LA’s Parallel Universes are on a Collision Course

By Dick Platkin : citywatch – excerpt

PLATKIN ON PLANNING – The universe that Angelinos live in. If you live, work, or visit Los Angeles, you have undoubtedly witnessed the following, and can add other categories of your own: 

  • The rents are too damn high.
  • Climate change has arrived.
  • Infrastructure is failing.
  • Traffic congestion is getting worse.

The universe that the Density Hawks – and their progeny — have in mind for you.

If you’re are active in local neighborhood groups, such as Neighborhood Councils, Homeowner Associations, of block clubs, then you know that Los Angeles is the midst of a City Hall-supported real estate bubble, also spun as a boom…

(Dick Platkin is a former Los Angeles city planner who reports on local planning controversies for City Watch. Please send any questions or corrections to rhplatkin@gmail.com.) Prepped for CityWatch by Linda Abrams… (more)

Heavy hitters on climate change will converge on San Francisco next week, with Gov. Jerry Brown as host

By Julie Cart : calmatters – excerpt

If Jerry Brown could write the script in which he exits the political stage while still in the spotlight, he could do no better than what’s teed-up for him next week: presiding over the Global Climate Action Summit with a few hundred of his closest fellow leaders in the fight against global warming… (more)

 

Study: Pollution Kills More People Than War, Smoking, Hunger, and Other Causes of Death

jonathanturle – excerpt

We have previously discussed how environmental dangers remain something of an abstraction for most people who fail to recognize that changes in air or water pollution standards results in high and quantifiable rises in death rates.  Even changes in areas like shipping fuels can translate to thousands of deaths.

However, since these deaths are not immediate and borne privately, the true costs of pollution are often dismissed.  I have been highly critical of the environmental record of the Trump Administration for this reason in rolling back on protections in a variety of areas as well as appointing regulators with anti-environmental records.

Now a new major study has found that environmental pollution kills more people every year that all of the wars.  It exceeds the death tolls for smoking, hunger or natural disasters combined. It kills more than AIDS, tuberculosis and malaria combined. Yet, unlike these causes of death, pollution remains a policy concern that is often pushed to the side for more immediate goals like job creation.

This is not to say that environmental protection would trump all other concerns but rather the real costs of such pollution are rarely discussed in real terms of premature deaths by politicians.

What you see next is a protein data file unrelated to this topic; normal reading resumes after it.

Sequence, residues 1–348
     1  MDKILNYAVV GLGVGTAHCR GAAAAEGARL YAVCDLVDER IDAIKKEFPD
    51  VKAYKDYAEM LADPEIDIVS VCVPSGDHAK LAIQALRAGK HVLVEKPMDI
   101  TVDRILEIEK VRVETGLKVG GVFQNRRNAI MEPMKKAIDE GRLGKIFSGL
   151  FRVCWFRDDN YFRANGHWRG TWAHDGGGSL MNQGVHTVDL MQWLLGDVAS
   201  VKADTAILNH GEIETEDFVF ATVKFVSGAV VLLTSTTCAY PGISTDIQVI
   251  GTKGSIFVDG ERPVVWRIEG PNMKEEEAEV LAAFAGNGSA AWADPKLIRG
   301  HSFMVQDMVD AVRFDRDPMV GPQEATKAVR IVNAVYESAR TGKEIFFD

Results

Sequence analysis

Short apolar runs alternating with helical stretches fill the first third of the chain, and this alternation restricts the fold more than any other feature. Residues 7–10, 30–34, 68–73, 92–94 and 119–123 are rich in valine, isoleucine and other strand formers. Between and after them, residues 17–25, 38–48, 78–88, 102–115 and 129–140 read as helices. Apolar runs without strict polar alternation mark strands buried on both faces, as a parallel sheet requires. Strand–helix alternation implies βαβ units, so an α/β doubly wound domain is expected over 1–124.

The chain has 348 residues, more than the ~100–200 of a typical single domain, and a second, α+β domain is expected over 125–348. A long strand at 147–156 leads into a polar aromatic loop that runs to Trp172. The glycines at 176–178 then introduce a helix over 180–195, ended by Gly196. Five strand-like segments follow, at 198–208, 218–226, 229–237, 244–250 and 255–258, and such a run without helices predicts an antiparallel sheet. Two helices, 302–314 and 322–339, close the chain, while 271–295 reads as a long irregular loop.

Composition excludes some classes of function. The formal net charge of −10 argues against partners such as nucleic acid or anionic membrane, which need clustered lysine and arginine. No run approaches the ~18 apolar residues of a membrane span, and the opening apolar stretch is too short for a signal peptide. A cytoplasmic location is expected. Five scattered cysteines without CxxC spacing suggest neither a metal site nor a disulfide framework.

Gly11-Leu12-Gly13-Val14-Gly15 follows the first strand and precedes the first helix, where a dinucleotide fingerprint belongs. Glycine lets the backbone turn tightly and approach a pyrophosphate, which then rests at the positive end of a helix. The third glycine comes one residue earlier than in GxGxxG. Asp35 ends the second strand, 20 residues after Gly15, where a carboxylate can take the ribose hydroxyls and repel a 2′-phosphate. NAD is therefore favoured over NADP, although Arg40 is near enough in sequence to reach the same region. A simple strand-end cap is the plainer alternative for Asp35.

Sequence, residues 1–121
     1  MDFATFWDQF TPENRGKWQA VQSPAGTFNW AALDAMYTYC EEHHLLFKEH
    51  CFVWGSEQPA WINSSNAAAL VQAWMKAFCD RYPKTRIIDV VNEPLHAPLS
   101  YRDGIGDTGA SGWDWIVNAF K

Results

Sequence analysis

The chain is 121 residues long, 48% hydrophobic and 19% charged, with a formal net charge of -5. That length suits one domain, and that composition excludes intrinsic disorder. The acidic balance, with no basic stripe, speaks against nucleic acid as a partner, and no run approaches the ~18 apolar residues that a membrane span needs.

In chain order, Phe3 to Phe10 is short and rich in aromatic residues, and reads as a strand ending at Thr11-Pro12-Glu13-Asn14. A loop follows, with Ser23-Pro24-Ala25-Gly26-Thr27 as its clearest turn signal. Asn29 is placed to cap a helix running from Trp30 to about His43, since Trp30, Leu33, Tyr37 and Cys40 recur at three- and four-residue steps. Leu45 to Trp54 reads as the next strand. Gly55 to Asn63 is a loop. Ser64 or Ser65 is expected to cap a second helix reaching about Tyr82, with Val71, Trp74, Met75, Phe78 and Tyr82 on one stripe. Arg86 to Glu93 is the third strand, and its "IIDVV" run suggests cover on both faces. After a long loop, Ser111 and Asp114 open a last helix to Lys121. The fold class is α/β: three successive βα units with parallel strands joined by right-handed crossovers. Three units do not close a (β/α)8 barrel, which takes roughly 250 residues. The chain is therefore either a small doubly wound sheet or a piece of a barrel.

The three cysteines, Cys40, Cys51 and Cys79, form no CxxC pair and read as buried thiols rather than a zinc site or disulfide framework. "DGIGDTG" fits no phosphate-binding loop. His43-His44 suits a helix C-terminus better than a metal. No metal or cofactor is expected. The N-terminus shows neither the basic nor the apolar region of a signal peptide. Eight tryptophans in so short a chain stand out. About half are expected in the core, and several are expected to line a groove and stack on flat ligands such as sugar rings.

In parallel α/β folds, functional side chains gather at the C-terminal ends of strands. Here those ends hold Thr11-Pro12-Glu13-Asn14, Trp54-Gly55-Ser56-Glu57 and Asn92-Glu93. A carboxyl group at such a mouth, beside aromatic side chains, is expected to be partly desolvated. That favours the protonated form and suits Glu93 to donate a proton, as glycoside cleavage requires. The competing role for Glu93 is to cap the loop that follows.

The study in the respected Lancet medical journal found that one out of every six premature deaths in the world in 2015 was caused by toxic exposure.  That amounts to 9 million people who died prematurely due to pollution.  The study also found that the cost of the resulting illnesses and deaths amounted to some $4.6 trillion in annual losses.

Worse yet, the 9 million deaths from pollution appears a highly conservative estimate since it relied on only limited data on specific measurable cases of deaths and illnesses. The actual number is likely much higher. Moreover, only half of the 5000 news chemicals introduced since 1950 have actually been fully tested for their toxicity.

Obviously, the rate of death is higher in developing countries, though we are now experiencing heavy pollution migration from Asia.  In India, an astonishing one out of every four deaths are attributed to pollution. In China, there is a term for “cancer villages” in which a huge percentage of the citizens are developing cancers due to horrific environmental conditions. In China, one out of every five deaths are attributed to pollution with 1.8 million premature deaths a year…(more)

‘Shell knew’: oil giant’s 1991 film warned of climate change danger

by Damian Carrington and Jelmer Mommers : theguardian – excerpt (includes video)

Public information film unseen for years shows Shell had clear grasp of global warming 26 years ago but has not acted accordingly since, say critics

Film warned of climate change ‘at rate faster than at any time since end of the ice age’   What Shell knew about climate change in 1991(more)

The oil giant Shell issued a stark warning of the catastrophic risks of climate change more than a quarter of century ago in a prescient 1991 film that has been rediscovered.

However, since then the company has invested heavily in highly polluting oil reserves and helped lobby against climate action, leading to accusations that Shell knew the grave risks of global warming but did not act accordingly.